Joe Biden: Expert discusses potential US-UK trade deal
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The UK applied to join the CPTPP earlier this month on the first anniversary of its official departure from the EU. The partnership is worth £9trillion and would cut tariffs for the UK on key industries from food and drink to cars. The UK conducted £111billion worth of trade with the nations within the bloc in 2019, according to the official Government website, and already has deals with seven out of the 11 CPTPP member states.
Most notably, the CPTPP would not require the UK to give up control over its own laws, borders or money — unlike the EU.
However, political pundits believe it would be most beneficial to the UK if its transatlantic ally the US signed up as well, as the economic gains would be limited for households and business.
The BBC’s Dharshini David explained: “The real boost could come in the future, if others join — in particular the US, as President Biden has hinted.
“That would give the UK that hoped-for trade deal with America — within a trading bloc wielding considerable power on the global stage.”
Former Washington aide and commentator Peter Rough told Express.co.uk that it would certainly be beneficial to the US for the UK to be accepted into the CPTPP — but he speculated that the US is unlikely to join.
He explained: “I think it’s a great idea for Britain to join, and there’s a lot of momentum and talk in Washington that this would be a great way to counter the Chinese trade bloc, the RCEP [Regional Comprehensive Economic Partnership], in South East Asia.”
The RCEP is made up of 15 countries, including China, South Korea, Japan, Australia and New Zealand — its members make up nearly a third of the world’s population, and is larger than the EU.
It was formed just last November, and excluded the US.
It was also China’s first regional multilateral trade pact, and it is hoped the deal will accelerate its members’ economic recovery after the devastation of the COVID-19 pandemic.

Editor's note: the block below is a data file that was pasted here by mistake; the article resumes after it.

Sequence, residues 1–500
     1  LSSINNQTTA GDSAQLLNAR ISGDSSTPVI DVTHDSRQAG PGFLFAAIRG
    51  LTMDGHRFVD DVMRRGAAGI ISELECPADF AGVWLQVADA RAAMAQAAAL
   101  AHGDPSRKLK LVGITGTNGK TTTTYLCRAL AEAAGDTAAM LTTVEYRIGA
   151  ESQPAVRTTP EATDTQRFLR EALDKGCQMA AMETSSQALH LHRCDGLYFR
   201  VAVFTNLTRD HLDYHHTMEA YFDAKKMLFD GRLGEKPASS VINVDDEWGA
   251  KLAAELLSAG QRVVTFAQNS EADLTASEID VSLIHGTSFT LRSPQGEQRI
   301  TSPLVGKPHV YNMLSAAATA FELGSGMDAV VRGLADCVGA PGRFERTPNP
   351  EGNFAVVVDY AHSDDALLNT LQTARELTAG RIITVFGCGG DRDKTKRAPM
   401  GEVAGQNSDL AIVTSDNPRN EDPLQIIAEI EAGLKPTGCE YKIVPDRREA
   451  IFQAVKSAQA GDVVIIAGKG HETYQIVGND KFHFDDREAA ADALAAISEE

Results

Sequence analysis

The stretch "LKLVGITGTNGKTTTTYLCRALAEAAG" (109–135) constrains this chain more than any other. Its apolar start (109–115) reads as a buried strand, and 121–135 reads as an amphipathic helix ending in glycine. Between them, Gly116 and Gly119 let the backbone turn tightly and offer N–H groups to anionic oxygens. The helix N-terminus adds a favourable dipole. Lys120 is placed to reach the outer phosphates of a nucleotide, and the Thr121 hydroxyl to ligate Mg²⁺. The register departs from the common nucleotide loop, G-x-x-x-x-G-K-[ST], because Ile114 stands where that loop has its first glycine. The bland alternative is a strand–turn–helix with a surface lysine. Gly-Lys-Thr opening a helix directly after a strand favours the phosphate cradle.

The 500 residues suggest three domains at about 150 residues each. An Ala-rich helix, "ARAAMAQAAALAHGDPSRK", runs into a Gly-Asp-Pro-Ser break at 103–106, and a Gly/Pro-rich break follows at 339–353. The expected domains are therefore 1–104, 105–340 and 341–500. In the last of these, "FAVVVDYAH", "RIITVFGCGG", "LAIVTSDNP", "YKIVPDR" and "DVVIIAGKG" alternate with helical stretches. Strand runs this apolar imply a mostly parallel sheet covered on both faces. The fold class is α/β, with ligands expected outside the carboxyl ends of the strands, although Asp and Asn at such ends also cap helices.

Examining the CPTPP, Mr Rough continued: “More generally, it will set the rules of the road and the standards for 21st Century trade, as it will be a big trading bloc.
“But I just don’t hear a lot of energy, a lot of language out of the Biden administration, that’s eager to pick up big trading organisations like this.
“I think the Government is going to be mixed — Our Comms department is a little bit more staffed by, say, free-traders.
“USTR — United States Trade Representative — that bureaucracy might be slightly more protectionist.
“And in the end, decisions are going to be taken by the National Economics Council and the National Security Council — I think that’s where the locus is on this decision-making process is.”
He concluded: “I don’t think the political winds are out for the US negotiating back into big trading blocs.
“But I don’t know — the Biden administration is still undertaking a big review of its China policy.
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“It’s stuck by the Phase One deal that President Trump struck with China, so it could be at the tail end of that, they decide that, as it is an important part of pushback and defending free and fair trade, that they might enter into this.
“But right now, there’s no signal that would be the case.”
Interestingly, the CPTPP was first negotiated by President Barack Obama, who selected Mr Biden as his Vice President.
The deal never got past Congress due to Mr Trump’s decision to pull out of it in 2017.
But, former US diplomat Dane Chamorro told CNBC last month that the “desire is probably there” within the Biden administration to re-join the trade deal.
Even so, he admitted: “You have to think that politically, on both sides of the aisle, the idea right now of more trade liberalisation is really not very popular.
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“I think that era has passed, on a multilateral level, I think that era has passed the United States for some period of time.
“I think it’s a really hard sell, if you’re a Congressman or Senator, regardless of what party you’re from, it’s really tough…
“I don’t think that’s going to be high on the list of priorities.”
Former Republican Senator Bob Corker also noted last December that the trade partnership was a “missed opportunity” for the US to “put a lot of pressure” on its rival, China.
He claimed it would be a “significant step forward if the Biden administration can figure out a way” to rebuild its relationship with the CPTPP.
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